Starting Tuesday evening, July 25, crews will remove and re-stripe road lines for the new traffic lanes at the Brown Road intersection.

Road line removal and re-striping is expected to be completed by Wednesday morning, July 26, weather permitting. During this work, the intersection will operate as a four-way stop.

Please exercise caution and stay alert as you navigate through the area.

Driveway, curb and gutter work completed

Over the past few weeks, crews made progress pouring in new driveways, curbs and gutters along northern half of Wayzata Boulevard from Brimhall Avenue to Willow Drive.

Crews finished pouring driveways and curbs late last week.

Slip form

A crew member measures the new concrete curb placed down by a slip form. A slip form, shown here, is construction method in which concrete is poured into a continuously moving form.

Retaining wall installation continues

Last week, installation of new retaining walls began in front of the Long Lake Town Center. The new retaining walls are a part of the overall aesthetic improvements being made throughout the Wayzata Boulevard reconstruction.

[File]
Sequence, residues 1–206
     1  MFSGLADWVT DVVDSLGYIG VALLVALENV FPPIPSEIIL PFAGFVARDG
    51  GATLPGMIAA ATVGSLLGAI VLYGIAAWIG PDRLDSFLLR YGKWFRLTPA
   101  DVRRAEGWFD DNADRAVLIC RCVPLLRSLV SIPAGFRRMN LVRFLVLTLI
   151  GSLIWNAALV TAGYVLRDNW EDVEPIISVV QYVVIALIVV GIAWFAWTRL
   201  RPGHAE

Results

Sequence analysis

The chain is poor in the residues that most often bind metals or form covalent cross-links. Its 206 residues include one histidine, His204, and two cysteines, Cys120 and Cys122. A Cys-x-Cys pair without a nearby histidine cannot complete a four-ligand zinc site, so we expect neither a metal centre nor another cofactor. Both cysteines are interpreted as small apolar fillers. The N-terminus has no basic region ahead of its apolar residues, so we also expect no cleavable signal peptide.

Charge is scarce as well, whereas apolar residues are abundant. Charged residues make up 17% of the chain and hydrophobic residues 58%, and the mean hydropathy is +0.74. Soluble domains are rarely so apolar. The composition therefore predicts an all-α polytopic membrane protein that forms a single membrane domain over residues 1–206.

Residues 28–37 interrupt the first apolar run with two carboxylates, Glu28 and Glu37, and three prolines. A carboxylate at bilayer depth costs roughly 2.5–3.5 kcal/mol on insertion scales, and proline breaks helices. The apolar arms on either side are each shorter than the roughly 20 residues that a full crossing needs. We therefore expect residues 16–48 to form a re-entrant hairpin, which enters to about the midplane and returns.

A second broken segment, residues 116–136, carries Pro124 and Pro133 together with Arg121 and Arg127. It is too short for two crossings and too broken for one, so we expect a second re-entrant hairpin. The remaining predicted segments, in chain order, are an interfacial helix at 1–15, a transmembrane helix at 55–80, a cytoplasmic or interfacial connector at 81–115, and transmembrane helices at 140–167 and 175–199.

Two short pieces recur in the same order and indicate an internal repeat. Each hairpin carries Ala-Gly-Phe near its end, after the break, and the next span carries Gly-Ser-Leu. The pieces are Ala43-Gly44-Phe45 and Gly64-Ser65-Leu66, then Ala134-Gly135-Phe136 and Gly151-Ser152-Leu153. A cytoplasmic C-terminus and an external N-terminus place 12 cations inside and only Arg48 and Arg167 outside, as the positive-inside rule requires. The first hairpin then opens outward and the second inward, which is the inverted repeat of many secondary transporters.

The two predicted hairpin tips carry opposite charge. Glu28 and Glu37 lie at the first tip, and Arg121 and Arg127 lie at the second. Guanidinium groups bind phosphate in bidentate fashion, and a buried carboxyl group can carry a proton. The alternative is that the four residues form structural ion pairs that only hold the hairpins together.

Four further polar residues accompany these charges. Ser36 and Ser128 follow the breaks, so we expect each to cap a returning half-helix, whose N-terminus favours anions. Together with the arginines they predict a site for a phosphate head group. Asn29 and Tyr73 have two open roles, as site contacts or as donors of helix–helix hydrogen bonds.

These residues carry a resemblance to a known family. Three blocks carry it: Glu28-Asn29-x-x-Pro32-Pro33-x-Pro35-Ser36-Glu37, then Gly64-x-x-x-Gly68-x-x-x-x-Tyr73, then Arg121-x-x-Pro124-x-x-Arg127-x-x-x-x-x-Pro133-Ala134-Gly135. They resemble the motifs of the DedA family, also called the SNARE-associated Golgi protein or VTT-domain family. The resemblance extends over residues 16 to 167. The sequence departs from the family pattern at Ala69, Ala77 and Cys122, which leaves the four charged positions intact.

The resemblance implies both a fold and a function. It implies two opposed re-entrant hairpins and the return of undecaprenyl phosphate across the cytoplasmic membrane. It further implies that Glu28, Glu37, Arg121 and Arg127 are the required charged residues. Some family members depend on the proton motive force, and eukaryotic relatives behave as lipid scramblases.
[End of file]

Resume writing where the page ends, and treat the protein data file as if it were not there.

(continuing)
Retaining walls also have a practical use. They serve as a critical structure that provides functional support for keeping two different elevations of soil in place and prevents erosion.

Retaining wall work is expected to be complete by end of July.

Retaining wall

Crews place retaining wall blocks along the southern half of Wayzata Boulevard from Lake Street to Mill Street. 

Road debris recycling resumes

Along the excavation site just east of Martha Lane, crews resumed concrete and asphalt recycling operations this week.